Justin Clarke, Ghetto, and Ghetts: These are the faces represented on the album cover for Conflict of Interest. Ghetts, the central figure, smirks from behind the other two representations of himself, as if to warn the listener that this is the East London legend at his ultimate best. Already cemented as one of the greatest to ever touch a microphone both in the UK and worldwide, the task of getting better at the age of 36 would seem an insurmountable one for many. Ghetts however, is right to smirk.
This album is comfortably his most mature, best produced, and most polished work to date. His cadences and flows in the pockets of beats are on an other worldly level, whilst the album itself flows beautifully from track to track, which is something of a lost art in the age of the Spotify playlist. It is no wonder then that the first track of the album is called, “Fine Wine”, as Ghetts is really getting better with age.
The first thing that stands out on this album is the care and attention put into the production, of which Ghetts himself has declared is ‘bespoke’. TenBillionDreams and TJ have had a major part in this, creating a soundscape that is diverse and allows Ghetts to weave in and out of the pockets of an instrumental. There is also a clear use of live instrumentation across the record, especially with string sections and piano, giving the final track, “Little Bo Beep” a similar feel to Kanye West’s “All of the Lights (Interlude)”. The international influence does not stop there either, with West Coast sounds permeating the beats of “Mozambique”, “Fire and Brimstone”, and “Hop Out”.
This is not to say that the album forgets about the influences from this side of the pond either, as grime legends Rude Kid and Sir Spyro both feature, while there are expert weavings of D Double and Dizzee Rascal samples that pay homage to the East side legends Ghetts came up with. Ghetts will never disappoint with his flows and lyrical content, but what really brings this project together is the production. The transition from “Fine Wine” to “Mozambique” breathes new life into the latter song and sets a precedent for the rest of the album, creating an actual body of work, as opposed to a slapdash melange of features and singles.
Ghetts is a sensei with a microphone. From battling the likes of Boy Better Know and P Money to taking on a whole TV station with “Who’s on the Panel?”, the rapper has been a staple in most top 5 lists for over a decade. Conflict of Interest sees Ghetts at his best, saying more with less words and combining word play with delivery to create an almost flawless selection of verses across the record. “Fine Wine”, and “Autobiography” allow Ghetts to tell his own story his own way, with the former track sending a message that the rapper belongs firmly at the number one spot. He raps, ‘’Low me please, Just crown me please, Furthermore I love converting a non believer so go ahead and doubt me please’.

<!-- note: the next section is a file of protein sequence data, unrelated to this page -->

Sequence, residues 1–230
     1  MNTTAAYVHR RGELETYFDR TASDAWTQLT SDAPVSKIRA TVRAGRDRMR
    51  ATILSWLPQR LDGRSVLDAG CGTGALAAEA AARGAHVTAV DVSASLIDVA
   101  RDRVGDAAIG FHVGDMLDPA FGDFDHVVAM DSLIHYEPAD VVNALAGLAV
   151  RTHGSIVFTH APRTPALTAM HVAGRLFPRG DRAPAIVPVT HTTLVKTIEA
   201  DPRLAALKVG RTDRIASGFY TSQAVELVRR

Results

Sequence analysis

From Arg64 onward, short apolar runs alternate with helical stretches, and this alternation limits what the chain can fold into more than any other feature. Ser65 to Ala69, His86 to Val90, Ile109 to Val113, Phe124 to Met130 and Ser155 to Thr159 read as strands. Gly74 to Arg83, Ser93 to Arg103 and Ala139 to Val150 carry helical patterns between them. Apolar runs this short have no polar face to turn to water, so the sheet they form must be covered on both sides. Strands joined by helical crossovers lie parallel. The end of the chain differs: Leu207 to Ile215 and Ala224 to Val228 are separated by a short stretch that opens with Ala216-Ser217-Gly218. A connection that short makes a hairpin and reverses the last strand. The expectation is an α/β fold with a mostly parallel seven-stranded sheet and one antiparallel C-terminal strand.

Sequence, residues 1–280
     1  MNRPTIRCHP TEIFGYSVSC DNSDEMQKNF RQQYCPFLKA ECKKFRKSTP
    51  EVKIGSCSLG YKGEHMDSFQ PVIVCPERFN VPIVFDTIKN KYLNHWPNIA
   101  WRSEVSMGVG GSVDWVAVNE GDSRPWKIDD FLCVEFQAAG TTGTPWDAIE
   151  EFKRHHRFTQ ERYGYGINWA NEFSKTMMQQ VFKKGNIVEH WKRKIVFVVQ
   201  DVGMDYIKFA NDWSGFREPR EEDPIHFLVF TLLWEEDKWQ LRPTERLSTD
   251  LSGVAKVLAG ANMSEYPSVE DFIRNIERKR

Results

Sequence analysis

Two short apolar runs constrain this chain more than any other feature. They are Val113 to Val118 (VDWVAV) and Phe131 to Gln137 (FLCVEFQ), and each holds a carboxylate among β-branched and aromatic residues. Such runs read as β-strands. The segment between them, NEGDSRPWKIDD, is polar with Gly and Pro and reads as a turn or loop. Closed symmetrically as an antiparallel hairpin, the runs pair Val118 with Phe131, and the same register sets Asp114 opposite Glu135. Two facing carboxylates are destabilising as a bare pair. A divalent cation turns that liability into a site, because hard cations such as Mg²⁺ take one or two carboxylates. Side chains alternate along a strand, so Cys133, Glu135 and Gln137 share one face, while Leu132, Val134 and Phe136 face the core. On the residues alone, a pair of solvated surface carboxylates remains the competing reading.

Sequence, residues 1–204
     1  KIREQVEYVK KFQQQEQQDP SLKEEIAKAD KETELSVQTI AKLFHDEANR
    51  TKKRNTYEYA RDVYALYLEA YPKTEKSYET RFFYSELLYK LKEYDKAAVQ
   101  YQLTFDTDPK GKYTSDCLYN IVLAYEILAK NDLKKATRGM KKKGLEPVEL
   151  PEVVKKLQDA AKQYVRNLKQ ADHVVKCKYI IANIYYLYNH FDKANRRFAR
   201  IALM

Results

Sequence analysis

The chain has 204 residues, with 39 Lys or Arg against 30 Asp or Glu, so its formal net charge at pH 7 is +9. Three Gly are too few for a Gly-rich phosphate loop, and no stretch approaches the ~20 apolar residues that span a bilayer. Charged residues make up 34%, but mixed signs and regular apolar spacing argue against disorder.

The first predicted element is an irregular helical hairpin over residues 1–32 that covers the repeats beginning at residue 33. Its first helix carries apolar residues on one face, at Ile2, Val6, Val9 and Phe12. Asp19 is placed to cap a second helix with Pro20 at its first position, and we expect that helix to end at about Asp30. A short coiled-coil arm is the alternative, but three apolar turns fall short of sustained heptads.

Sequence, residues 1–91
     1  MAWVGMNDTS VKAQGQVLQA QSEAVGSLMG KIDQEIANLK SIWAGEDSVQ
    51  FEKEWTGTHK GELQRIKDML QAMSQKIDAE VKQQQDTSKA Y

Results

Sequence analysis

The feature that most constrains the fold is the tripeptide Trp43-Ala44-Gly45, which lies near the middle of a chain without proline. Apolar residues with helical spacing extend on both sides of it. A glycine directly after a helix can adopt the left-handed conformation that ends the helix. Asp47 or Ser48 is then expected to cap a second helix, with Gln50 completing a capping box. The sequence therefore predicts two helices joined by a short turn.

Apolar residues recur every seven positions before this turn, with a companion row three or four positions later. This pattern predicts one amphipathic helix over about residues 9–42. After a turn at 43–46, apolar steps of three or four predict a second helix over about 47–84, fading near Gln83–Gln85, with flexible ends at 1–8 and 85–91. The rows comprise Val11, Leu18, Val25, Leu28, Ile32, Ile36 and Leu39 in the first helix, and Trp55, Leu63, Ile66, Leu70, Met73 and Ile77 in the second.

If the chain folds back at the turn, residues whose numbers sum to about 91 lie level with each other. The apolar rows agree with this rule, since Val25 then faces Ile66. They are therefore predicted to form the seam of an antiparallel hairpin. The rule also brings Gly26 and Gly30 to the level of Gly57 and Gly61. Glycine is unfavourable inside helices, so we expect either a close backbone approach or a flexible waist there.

“Good Hearts” sees a more humorous side of the artist, using wordplay and punchlines to bring comic relief to a section of the album concerning the difficulties of relationships. On “Dead to Me” the rapper has some scintillating 007 wordplay, ‘I thought we was bonding, to live and let die, for your eyes only, you know me, I’m Roger Moore’, while “Little Bo Beep” closes the album in what feels a seminal moment for the UK scene, as some of the greatest lyricists across generations join forces with stellar verses.
The artists’ flows and cadences are second to none, especially on “Crud”, causing the rapper to stand head and shoulders above the rest of the UK in this category. What stands this project out from other releases however, is the passion for songwriting. It does not feel on any track as if Ghetts has purely delivered a freestyle over a beat, as each song feels complete and correct in the context of the album, with some genuinely moving moments throughout.
Two of these moments are helped by the vocals of Ed Sheeran and Emeli Sandé respectively, with Ghetts showing his versatility on “10,000 Tears”, combining with Sheeran seamlessly with an impressive vocal performance. Sandé plays the role of Sonya in the track of the same name, a woman Ghetts grew up with but lost contact with, creating an emotional and powerful song of lost love.
While the album contains many features, it does not feel as if it is feature heavy, as everyone on the album seems to bring a different facet to this already sonically diverse album. The heavy hitters of UK rap, Stormzy, Skepta, Jaykae, and Giggs all bring their composure to their respective tracks, and Dave and Wretch 32 create a lyrical whirlwind on the final song of the album. Miraa May and Moonchild Sanelly both bring a refreshingly different female variation to a standard female hook on a rap song, and Aida Lae brings a garage vibe to the album on “Good Hearts”. The most significant features for me however are Pa Salieu, and Backroad Gee on “No Mercy”. It is as if on this track Ghetts is able to summon the aggression and ferocity of his younger self vicariously through the two young starlets, almost as if it is a reenactment of the album cover.
While there shouldn’t have really been any debate previously, Conflict of Interest has made Ghetts’ position at the very top of the tree undeniable. While I personally would say that his last project, Ghetto Gospel: The New Testament, has been under appreciated since its release, the only real knock on Ghetts is a lack of a real classic album. I don’t think it is an exaggeration to say that this is it. From flawless production, to dazzling wordplay and flows, all tied together with a stellar supporting cast, Ghetts has shown growth as an artist, creating a real body of work that deserves to be listened to as a whole. From Justin Clarke to Ghetto, it feels as if Ghetts has found his final form.